An important feature of the present invention is the current control system which efficiently supplies any predetermined current level between the maximum positive value and the maximum negative value. This current control system is in effect an efiicient and very low distortion direct current feedback amplifier having an alternating current response well up into the audio frequency range. In one particular embodiment of the present invention, currents up to milliamperes from D.-C. to 6 kc. are provided with D.-C. accuracy of 0.01% of full scale.

Accordingly one object of the present invention is to provide methods of and means for providing accurately controlled current to a load in which the controlled current may be direct current of either positive or negative polarity, modulated direct current, or alternating current.

Another object is to provide these currents with very low distortion.

Still another object is to provide these currents at high efficiency.

These and other objects of the present invention will be apparent from the detailed description of the invention given in connection with the various figures of the drawmg.

In the drawing:

FIG. 1 is a block diagram of one form of the present invention.

FIG. 2 is a representation of possibe output current forms provided by the present invention.

FIG. '3 is a schematic of a preferred form of the present invention.

In FIG. 1 is shown a controlled power source 1 capable of supplying current in a positive or negative direction over lead 8 with respect to lead 5, modulated direct current of either polarity or alternating current as direct-ed by chopper stabilized amplifier 12 connected to the power source 1 over lead 13. The controlled current is supplied over,these leads 5 and v8 to load terminals 2 and 4 acrosswhich is connected a load impedance 3 and in series over lead 6 with terminals 9 and 10 across which is connected precision current sensing network 7. The current in load 3 is controlled by applying the difference between the voltage drop due to the load current flowing through network 7 and a reference voltage between 1 8 and 26 which when applied to the input of amplifier 12 controls the current from power source 1 until this difference approaches Zero. The degree and precision of this control depends to a large degree upon the gain, linearity and dynamic range of amplifier 12 and the response of controlled power source 1. The reference voltage may be established in several ways. To provide pure D.-C. in the load a source of direct current reference 19 is connected over leads 20 and 21 to polarity reversing switch 22 which is connected over leads 23 and 24- to calibrated divider 25 which in turn is connected over lead 26 to the input of amplifier 12 and over lead 18 to terminal 16 of modulation input 15-16 bridged by circuit completing resistor 17 and over lead 14 to the high terminal of network 7. The common circuit to amlifier 12 is connected from terminal 9 by lead 11.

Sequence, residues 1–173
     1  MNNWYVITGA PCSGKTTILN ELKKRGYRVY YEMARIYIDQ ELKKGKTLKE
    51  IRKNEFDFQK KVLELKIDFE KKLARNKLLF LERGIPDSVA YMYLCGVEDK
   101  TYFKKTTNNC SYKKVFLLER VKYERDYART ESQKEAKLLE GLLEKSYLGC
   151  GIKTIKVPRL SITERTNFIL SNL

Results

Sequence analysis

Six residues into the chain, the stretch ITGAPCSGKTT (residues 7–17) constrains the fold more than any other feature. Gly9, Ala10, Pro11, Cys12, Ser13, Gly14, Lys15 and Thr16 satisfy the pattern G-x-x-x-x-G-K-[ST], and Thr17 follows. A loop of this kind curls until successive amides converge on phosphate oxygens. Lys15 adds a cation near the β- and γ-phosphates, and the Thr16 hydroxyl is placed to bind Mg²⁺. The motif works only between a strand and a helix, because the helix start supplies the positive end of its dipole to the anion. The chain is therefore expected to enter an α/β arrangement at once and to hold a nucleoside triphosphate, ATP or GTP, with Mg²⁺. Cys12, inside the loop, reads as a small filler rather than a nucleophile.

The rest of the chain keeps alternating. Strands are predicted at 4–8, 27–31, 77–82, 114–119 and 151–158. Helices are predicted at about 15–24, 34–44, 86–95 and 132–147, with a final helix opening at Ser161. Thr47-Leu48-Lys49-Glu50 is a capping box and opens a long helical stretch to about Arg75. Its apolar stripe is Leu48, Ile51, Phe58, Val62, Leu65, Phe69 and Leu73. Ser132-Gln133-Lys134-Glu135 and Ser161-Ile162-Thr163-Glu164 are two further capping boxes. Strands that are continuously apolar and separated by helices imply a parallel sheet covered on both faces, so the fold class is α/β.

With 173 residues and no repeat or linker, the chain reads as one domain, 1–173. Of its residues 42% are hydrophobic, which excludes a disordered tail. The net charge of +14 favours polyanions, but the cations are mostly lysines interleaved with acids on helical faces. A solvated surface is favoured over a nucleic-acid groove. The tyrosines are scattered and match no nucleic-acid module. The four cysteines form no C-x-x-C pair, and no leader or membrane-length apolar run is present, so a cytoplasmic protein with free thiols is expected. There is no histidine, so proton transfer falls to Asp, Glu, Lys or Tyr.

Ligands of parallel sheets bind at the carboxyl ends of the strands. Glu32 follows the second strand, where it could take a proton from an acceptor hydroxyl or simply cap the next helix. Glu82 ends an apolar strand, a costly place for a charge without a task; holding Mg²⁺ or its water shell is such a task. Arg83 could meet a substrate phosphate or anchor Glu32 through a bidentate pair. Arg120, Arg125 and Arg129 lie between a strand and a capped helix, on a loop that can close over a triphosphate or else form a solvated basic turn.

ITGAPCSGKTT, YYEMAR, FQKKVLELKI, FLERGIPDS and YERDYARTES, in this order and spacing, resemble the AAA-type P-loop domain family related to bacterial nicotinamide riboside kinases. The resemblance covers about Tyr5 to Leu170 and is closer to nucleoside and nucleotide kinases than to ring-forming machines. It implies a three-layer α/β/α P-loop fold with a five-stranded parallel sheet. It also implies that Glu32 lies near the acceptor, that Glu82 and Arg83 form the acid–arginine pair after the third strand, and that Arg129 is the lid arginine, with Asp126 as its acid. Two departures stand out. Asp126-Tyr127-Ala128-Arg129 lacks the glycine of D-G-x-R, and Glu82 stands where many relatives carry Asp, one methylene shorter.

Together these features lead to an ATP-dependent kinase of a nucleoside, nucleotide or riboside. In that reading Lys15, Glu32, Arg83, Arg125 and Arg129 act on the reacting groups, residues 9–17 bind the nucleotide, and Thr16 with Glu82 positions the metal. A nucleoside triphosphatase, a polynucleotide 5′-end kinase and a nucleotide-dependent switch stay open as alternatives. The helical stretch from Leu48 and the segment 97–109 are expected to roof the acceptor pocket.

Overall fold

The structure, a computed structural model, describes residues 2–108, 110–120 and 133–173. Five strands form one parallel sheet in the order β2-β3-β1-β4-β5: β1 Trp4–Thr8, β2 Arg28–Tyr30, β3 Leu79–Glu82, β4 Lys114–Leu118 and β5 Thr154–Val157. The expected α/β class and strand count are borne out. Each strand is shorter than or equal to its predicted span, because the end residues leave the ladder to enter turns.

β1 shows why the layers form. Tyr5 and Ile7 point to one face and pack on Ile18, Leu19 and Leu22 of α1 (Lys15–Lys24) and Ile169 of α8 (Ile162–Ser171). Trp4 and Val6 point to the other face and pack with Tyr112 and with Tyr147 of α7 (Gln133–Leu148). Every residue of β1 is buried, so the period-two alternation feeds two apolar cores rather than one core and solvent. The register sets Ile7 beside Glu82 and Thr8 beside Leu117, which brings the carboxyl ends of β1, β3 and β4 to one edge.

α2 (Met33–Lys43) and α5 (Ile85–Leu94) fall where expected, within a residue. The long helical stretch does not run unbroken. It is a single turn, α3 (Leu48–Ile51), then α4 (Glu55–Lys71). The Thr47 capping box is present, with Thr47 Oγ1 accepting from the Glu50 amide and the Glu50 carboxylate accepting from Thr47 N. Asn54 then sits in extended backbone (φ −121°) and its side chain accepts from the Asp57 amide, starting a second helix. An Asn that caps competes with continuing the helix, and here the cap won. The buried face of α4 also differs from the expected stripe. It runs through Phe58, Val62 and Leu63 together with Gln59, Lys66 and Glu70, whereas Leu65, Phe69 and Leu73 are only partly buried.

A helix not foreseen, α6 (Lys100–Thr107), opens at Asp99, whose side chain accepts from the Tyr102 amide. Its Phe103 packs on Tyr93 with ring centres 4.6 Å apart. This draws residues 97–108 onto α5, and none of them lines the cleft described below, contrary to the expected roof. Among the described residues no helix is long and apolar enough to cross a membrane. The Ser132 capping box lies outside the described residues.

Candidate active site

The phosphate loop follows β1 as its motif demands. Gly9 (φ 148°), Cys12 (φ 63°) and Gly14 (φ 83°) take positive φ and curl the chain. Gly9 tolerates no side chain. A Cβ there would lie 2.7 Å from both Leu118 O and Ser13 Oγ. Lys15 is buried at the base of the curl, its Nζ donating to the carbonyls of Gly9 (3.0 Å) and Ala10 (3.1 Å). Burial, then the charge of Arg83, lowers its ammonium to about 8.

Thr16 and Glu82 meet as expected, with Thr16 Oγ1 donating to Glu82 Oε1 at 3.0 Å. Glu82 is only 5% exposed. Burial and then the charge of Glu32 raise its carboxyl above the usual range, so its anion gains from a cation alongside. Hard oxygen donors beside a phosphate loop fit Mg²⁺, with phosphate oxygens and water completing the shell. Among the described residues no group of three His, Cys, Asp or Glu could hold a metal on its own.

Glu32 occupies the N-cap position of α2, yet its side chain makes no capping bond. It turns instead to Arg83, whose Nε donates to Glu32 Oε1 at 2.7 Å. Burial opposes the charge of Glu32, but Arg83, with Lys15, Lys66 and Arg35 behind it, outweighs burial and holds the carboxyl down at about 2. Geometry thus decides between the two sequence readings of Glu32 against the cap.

' In operation, amplifier 12 feeds a control signal to controlled power source 1 in such a way as to adjust the load current so that the voltage drop across current sensing network 7 is equal to the voltage drop across the :output of calibrated divider 25 plus the voltage applied between terminals 15 and 16. If no modulating voltage is applied between terminals 15 and 16, the system will provide accurately known direct current through load 3 in accordance with the setting of divider 25. Current of either polarity is provided by switching polarity reversing switch 22 since source 1 is capable of supplying current of either polarity to load 3. If a variable voltage is applied between terminals 15 and 16, a modulated direct current is provided in the load since amplifier 12 responds from D.-C. through low and middle audio frequency range. Since the load current may be of either polarity and may be variable, if divider 25 is turned to zero output and alternating input voltage is applied across terminals 15 and 16, alternating current is provided to load 3 which accurately follows the instantaneous values of the input volt-age.

FIG. 3 shows circuit details of a preferred form of controlled power source suitable for use in a system according to the present invention. Tubes 36 :and 44 together with the two voltage sources 29 and 27 provide means for passing controlled current in either direction through load 32 in series with current sensing resistor 34. Tube 36 includes cathode 37 heated by conventional means, not shown, control grid 38 and plate 39. Tube 36 is connected in a series circuit starting at common point 42 passing through current sensing resistor 34, load 32 connected between terminals 31 and 33, to point 30, through a suitable voltage source such as battery 29'; over leads 35 and 74 to cathode 37, through tube 36 to plate 39 and through resistor 41 back to the starting point 42. It will be seen that current may pass through tube 36 in such a direction as to make terminal 31 of load 32 positive with respect to terminal 33. Tube 44 includes cathode 45 heated by suitable means, not shown, control grid 46 and plate 47. Tube 44 is included in a serie circuit starting at point 42, passing through resistor 43 to cathode 45, through tube 44 to plate 47, over lead 48 to the positive end of a suitable voltage source such as battery 27, over lead 28 to point 30, through load 32 and current sensing resistor 34 back to point 42. It will be seen that current passed by tube 44 in a direction to make terminal 31 end of resistor 32 negative with respect to terminal 33. Now by controlling the current passed by tubes 36 and 44 the current and its direction in load 32 may be controlled.